Home Buyers are Optimistic About Homeownership!

Home Buyers are Optimistic About Homeownership! | Simplifying The Market

When we consider buying an item, we naturally go through a research process prior to making our decision. We ask our friends and family members who have made similar purchases about their experience, we get opinions and insights, and we read reviews online. There’s no difference when considering a home purchase!

Most homebuyers start by listening to the news to hear what is being said about the real estate market. They check with family and friends about their experience. They spend time online reading reviews about their desired neighborhood.

The challenge is that comments from the news and those closest to us can contradict the data and reports. One source says one thing, while another source says something completely different.

There is a group of homebuyers that are not allowing comments about an upcoming recession to interfere with their decision to buy a home. According to a survey by realtor.com®,

Nearly 70 percent of home shoppers this spring think the U.S. will enter a recession in the next three years, but that hasn’t stopped them from trying to close on a home…Despite the fact that they foresee an economic downturn, they generally expressed confidence that a future recession will be better than 2008 for the housing market.”

The report provides more insights from the survey:

  • Nearly 30% of the active home shoppers* surveyed expect the next recession to begin sometime in 2020.
  • 56% of shoppers believe home prices have hit their peak.
  • 41% believe housing will fare better than 2008.
  • 45% of home shoppers feel at least slightly more optimistic about homeownership.
  • 33% reported no impact on their feelings about homeownership.

Homebuyers are aware and making decisions with their eyes wide-open. As the report mentioned,

“The fact that some [36%] home shoppers expect the next recession to be harder on the housing market than the last recession suggests that they are buying homes with eyes wide-open and very sober, if not slightly pessimistic, views of the housing market.

This is a stark contrast to the years leading up to the last recession when ‘irrational exuberance’ was more common and yet another reason to expect that the next downturn will be very different for the housing market than the last.”

Bottom Line

If you are considering buying a home, let’s get together to help you understand our local market and determine if buying a home is the right choice for you now.

*Active home shoppers are those consumers who responded that they plan to purchase their next home in 1 year or less.

Your Fabulous New Dream Home is Now Available

Your Fabulous New Dream Home is Now Available |Simplifying The Market

Over the last several years, many “baby boomers” have undergone a metamorphosis. Their children have finally moved out and they can now dream about their own future. For many, a change in lifestyle might necessitate a change in the type of home they live in.

That two-story, four-bedroom colonial with three bathrooms no longer fits the bill. Taxes are too high. Utilities are too expensive. Cleaning and repair are too difficult. When they decide to travel to be with friends and family, locking up the house is too time-consuming and worrisome.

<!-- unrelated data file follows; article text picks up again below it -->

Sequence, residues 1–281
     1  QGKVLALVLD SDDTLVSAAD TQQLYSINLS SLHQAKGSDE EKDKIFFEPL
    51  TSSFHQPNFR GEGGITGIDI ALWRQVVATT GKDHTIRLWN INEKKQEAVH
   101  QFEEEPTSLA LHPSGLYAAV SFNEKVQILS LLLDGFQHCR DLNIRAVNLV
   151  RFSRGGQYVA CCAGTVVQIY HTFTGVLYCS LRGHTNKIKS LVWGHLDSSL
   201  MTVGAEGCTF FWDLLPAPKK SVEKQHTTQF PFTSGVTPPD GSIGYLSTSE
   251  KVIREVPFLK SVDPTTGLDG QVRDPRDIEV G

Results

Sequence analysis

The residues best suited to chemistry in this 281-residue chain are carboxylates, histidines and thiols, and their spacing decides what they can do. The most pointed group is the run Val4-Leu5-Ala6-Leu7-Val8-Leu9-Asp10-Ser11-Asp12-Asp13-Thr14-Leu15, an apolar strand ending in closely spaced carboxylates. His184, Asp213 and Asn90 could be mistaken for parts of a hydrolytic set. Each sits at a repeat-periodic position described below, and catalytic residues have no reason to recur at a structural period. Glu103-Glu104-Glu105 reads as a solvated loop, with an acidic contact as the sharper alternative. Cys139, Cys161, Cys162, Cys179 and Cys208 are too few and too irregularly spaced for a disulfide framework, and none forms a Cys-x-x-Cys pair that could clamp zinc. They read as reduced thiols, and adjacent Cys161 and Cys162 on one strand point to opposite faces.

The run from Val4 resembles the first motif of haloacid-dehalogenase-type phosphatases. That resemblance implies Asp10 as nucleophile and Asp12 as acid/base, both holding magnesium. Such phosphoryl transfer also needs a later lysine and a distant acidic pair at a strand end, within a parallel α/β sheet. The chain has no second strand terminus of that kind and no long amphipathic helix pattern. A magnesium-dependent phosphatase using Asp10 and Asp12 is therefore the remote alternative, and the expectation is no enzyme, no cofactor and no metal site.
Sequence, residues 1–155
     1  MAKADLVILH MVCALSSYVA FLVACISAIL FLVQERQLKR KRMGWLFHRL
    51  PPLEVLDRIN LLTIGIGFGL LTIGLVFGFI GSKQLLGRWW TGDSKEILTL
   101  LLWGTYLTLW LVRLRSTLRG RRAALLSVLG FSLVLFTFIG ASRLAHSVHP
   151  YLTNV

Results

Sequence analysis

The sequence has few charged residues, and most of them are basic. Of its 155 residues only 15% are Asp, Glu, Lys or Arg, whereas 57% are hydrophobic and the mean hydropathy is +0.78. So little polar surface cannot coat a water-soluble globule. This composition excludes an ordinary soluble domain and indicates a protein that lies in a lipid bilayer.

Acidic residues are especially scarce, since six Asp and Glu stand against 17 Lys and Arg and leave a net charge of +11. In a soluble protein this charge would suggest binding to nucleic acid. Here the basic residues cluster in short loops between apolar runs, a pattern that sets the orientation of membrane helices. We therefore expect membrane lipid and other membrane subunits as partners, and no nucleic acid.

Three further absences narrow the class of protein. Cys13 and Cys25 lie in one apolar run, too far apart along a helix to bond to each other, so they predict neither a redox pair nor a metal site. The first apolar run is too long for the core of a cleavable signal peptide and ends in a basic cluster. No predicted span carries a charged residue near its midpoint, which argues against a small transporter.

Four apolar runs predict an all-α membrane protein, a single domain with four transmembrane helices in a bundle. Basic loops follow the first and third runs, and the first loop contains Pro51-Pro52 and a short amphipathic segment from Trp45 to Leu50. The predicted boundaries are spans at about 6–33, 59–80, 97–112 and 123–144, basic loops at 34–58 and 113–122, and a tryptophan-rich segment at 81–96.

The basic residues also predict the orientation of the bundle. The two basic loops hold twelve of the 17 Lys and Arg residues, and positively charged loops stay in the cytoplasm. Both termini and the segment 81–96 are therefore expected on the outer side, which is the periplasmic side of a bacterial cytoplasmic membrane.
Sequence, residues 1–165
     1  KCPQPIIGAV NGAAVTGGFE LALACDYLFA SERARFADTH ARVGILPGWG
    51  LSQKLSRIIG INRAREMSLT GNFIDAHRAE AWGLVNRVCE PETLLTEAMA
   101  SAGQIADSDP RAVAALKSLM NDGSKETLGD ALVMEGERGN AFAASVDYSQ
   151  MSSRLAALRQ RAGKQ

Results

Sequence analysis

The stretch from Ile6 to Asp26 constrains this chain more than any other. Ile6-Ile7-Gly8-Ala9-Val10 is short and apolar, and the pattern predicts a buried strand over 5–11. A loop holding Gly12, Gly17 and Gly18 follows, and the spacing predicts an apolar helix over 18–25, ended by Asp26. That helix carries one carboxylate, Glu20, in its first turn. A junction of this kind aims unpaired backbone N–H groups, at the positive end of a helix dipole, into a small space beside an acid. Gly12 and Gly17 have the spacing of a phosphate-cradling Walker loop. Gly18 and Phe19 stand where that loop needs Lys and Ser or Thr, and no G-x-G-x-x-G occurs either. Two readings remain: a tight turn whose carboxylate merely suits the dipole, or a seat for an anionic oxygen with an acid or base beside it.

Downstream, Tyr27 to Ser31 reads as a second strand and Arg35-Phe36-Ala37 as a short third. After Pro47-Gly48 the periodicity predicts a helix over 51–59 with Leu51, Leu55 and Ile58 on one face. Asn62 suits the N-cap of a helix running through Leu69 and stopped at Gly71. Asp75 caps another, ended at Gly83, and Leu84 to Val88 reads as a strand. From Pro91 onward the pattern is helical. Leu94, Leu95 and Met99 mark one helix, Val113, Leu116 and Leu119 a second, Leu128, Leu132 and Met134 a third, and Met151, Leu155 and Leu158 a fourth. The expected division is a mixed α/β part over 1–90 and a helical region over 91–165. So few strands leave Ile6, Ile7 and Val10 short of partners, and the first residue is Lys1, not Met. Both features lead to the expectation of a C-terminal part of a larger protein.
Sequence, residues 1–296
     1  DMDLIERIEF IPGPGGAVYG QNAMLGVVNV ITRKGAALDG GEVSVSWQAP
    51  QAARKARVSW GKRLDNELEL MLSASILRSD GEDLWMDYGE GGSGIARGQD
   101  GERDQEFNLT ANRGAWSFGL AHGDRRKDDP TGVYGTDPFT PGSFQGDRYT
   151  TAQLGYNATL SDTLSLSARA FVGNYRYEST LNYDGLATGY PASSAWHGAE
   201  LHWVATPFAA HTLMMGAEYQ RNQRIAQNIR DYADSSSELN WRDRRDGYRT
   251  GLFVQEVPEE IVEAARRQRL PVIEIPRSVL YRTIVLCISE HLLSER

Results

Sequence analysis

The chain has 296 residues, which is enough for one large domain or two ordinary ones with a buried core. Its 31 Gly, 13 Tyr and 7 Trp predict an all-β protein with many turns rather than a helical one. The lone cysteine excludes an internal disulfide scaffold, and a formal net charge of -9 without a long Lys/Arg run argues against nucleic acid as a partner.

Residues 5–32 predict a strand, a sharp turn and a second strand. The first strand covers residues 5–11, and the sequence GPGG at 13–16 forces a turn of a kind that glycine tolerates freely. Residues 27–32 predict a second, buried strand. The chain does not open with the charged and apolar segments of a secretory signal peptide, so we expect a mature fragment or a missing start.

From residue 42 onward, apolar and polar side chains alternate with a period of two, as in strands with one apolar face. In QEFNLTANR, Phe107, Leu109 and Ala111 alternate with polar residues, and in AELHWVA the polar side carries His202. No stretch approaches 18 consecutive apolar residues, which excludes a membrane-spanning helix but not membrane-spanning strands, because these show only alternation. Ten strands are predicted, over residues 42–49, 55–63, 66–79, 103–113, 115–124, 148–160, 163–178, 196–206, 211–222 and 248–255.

Instead, a nice ranch home with 2-3 bedrooms and two baths might better fulfill their new needs and lifestyle. The challenge many “boomers” have faced when trying to downsize to the perfect new home has been a lack of inventory.

The average number of years a family stays in their home has increased by fifty percent since 2008, causing fewer houses to come to the market. During the same time, new home builders were concentrating most of their efforts on large, luxury, expensive houses.

However, that is starting to change.

According to the U.S. Department of Housing and Urban Development and the U.S. Census Bureau, sales of newly built, single-family homes rose to a seasonally adjusted annual rate of 692,000 units in March. The great news is that more of those homes were sold at the lower end of the price range.

In a press release last week, the National Association of Home Builders (NAHB) explained that:

“The median sales price was $302,700, with strong gains in homes sold at lower price points. The median price of a new home sale a year earlier was $335,400.”

NAHB Chief Economist Robert Dietz offered further detail:

“We saw a large gain at lower price points where demand is strong. In March of 2019, 50% of new home sales were priced below $300,000, compared to 39% in March of 2018.”

Bottom Line

If you are a “boomer” thinking of selling your old house in order to buy a new home that better fits your current lifestyle, now may be the perfect time!

What Would Make You Sell Your House?

What Would Make You Sell Your House? | Simplifying The Market

There are many reasons why a homeowner decides to sell their house and move. The latest Generational Trends Report from the National Association of Realtors asked recent home sellers to share their reason for moving.

The younger the respondents, the more likely their top response centered around needing a larger home (ages 29 to 53). Relocating for a job was the top reason for those ages 54 to 63 and the second most popular response for those under 53. The chart below shows the breakdown for these two reasons.

What Would Make You Sell Your House? | Simplifying The Market

For homeowners over the age of 64, wanting to be closer to friends and family served as the top motivator to move. Downsizing to a smaller home or moving due to retirement came in as a close second and third.

What Would Make You Sell Your House? | Simplifying The Market